The ferocity of the US bombing of North Korea provided excellent ammunition for communist propaganda, which was exploited fully. The last year of the war, as the destruction of the physical infrastructure led to outbreaks of serious infectious diseases in North Korea, the Communist side began to accuse the US of intentionally spreading these diseases by dropping bacteriological weapons over Korea. Since the US was sheltering the leader of the Japanese unit that had developed and used BW against China during WWII, this charge had some credibility. Along with reports of the damage from the bombing, it served to rally the people of the Soviet bloc to oppose American actions and inspire serious anti-American protests in Western Europe. A small number of Russian documents on the BW allegations analyzed and published by the CWIHP in 1998 showed those claims to have been fabricated by the Soviets, Chinese, and North Koreans. The charges are still proclaimed in China and North Korea, however, where they are widely believed.

Once the war became a stalemate and therefore no longer threatened to bring American forces to the Soviet border, Stalin urged the Chinese and North Koreans to maintain a firm line in the negotiations, apparently seeing the war as bringing more advantages than disadvantages to the Soviet Union: it tied down American forces while providing an excellent opportunity to gather intelligence on US military capabilities; it drained American economic resources, and caused strains in relations within the Western alliance. The DPRK leadership, on the other hand, wished to bring the war to an end by early 1952, so that the destruction it was suffering from the bombing would cease. Evidence on the Chinese position is less definitive, but there are indications that by late 1952, Mao Zedong also had grown weary of the heavy casualties his troops were suffering. Stalin’s sudden death in March 1953 freed the Communist side to bring the war to an end. His successors in Moscow immediately took steps to reach a negotiated settlement. The Chinese continued to fight for a few more months, however, partly in the hope that the new administration of Dwight D. Eisenhower might offer them a better deal in Korea.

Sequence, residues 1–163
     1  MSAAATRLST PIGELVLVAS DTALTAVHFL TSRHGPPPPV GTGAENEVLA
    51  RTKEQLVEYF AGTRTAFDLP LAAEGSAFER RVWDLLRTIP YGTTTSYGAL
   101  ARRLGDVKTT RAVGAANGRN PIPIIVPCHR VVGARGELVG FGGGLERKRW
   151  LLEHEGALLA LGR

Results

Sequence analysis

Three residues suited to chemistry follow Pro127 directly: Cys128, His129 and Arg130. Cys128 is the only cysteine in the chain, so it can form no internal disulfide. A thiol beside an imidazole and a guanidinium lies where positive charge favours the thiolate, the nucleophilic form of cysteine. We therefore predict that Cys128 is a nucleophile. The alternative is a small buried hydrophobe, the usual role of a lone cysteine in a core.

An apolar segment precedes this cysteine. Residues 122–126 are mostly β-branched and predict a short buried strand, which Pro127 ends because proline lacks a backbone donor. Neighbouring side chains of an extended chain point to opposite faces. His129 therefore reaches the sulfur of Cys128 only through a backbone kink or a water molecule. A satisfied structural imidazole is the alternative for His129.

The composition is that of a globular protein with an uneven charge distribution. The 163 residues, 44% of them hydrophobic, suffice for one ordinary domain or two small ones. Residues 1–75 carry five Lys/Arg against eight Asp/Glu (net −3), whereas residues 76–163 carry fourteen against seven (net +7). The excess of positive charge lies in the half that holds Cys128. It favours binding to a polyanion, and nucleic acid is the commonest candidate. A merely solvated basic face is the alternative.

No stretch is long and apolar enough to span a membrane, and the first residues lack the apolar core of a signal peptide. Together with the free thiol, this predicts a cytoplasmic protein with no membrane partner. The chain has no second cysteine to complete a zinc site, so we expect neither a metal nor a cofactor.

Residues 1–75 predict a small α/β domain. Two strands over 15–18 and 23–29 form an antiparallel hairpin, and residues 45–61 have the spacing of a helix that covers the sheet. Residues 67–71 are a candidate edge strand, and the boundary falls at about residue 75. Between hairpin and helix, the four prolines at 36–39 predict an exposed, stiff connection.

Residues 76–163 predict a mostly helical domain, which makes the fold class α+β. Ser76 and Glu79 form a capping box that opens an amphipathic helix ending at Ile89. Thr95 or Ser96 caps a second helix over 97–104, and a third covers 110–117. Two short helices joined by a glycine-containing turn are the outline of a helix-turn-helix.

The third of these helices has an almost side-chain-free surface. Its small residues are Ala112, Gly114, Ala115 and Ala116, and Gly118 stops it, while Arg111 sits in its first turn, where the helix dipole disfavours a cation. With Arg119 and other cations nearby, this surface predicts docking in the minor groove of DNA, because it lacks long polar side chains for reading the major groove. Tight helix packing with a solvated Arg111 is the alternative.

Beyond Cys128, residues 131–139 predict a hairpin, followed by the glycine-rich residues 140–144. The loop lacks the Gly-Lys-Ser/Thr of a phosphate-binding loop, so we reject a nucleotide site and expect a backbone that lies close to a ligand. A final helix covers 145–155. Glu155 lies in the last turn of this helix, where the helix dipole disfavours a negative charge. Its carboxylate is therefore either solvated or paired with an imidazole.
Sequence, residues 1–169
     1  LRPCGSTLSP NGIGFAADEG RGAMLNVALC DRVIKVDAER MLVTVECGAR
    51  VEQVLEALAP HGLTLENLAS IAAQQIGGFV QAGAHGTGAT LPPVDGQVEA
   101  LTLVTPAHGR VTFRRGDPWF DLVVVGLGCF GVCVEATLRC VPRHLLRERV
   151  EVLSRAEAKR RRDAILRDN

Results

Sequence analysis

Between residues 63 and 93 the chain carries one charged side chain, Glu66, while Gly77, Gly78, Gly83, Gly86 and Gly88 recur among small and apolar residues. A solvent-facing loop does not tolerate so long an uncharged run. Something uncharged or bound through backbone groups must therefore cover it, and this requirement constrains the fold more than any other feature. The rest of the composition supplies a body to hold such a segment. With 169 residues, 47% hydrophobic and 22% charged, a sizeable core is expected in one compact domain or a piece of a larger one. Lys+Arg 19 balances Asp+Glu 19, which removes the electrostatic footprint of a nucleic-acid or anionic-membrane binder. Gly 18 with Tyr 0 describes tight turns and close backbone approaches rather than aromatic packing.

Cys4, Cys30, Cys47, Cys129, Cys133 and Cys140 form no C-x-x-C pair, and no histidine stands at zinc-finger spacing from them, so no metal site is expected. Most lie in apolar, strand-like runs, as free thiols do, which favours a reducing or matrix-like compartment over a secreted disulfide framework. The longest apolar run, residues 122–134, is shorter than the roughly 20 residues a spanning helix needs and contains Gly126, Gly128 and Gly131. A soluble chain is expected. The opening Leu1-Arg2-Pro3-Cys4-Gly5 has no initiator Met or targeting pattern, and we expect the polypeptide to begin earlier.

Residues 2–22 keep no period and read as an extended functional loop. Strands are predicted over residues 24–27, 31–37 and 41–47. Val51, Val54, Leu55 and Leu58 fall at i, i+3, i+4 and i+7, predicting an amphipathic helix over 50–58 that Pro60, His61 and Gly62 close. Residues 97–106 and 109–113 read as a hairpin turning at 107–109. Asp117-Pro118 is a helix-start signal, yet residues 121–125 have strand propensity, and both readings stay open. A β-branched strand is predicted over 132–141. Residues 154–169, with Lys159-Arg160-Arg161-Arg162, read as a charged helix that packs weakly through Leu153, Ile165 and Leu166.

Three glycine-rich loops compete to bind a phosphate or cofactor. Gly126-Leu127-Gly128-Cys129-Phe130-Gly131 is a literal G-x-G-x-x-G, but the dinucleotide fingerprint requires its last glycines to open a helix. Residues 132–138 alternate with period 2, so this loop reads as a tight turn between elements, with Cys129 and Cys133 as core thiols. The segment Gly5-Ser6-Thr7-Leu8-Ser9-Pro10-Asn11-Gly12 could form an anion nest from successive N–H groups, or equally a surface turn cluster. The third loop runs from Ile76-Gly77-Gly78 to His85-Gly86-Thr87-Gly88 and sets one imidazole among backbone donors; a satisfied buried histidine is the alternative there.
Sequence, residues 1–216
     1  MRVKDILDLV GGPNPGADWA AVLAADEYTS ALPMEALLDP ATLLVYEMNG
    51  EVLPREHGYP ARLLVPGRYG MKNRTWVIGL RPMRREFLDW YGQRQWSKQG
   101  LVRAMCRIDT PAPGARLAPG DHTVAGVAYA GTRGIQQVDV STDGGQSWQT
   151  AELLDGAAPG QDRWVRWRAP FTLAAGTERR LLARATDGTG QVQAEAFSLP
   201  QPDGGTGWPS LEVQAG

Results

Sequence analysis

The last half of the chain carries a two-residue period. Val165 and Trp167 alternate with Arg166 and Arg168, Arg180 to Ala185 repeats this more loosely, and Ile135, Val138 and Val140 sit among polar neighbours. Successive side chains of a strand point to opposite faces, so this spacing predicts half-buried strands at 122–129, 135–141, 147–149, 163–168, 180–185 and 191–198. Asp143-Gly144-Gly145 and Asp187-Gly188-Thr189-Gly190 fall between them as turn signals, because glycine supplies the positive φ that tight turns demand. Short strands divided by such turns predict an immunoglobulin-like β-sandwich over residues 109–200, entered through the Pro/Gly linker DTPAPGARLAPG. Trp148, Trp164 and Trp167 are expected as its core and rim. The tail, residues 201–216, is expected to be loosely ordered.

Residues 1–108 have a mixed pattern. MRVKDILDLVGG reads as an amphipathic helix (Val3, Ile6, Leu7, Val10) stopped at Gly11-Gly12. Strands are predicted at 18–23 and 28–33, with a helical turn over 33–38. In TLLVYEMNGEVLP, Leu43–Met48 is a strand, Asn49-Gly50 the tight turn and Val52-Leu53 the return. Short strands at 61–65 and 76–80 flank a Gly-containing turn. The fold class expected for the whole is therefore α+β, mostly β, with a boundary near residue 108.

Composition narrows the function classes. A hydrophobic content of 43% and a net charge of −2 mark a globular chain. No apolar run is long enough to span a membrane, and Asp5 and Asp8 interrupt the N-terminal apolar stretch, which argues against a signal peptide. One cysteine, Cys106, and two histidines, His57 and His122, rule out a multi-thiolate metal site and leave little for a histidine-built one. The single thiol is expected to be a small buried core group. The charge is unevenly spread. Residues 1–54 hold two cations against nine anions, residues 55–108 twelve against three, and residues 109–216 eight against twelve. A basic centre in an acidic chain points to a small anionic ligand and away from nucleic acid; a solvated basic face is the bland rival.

An armistice was finally signed on 27 July 1953, but a peace treaty has not been concluded. Both sides remain in a high state of vigilance along the heavily fortified border and US troops remain in Korea. Despite the collapse of the Soviet Union in 1991 and the end of Communist rule in Eastern Europe, the division of Korea remains as it was at the conclusion of the devastating war of 1950-53.

About the Author

Kathryn Weathersby is Senior Associate at the Woodrow Wilson Center’s History and Public Policy Program and the Coordinator of the Center’s North Korea Documentation Project. (Ph.D. Indiana University, 1990)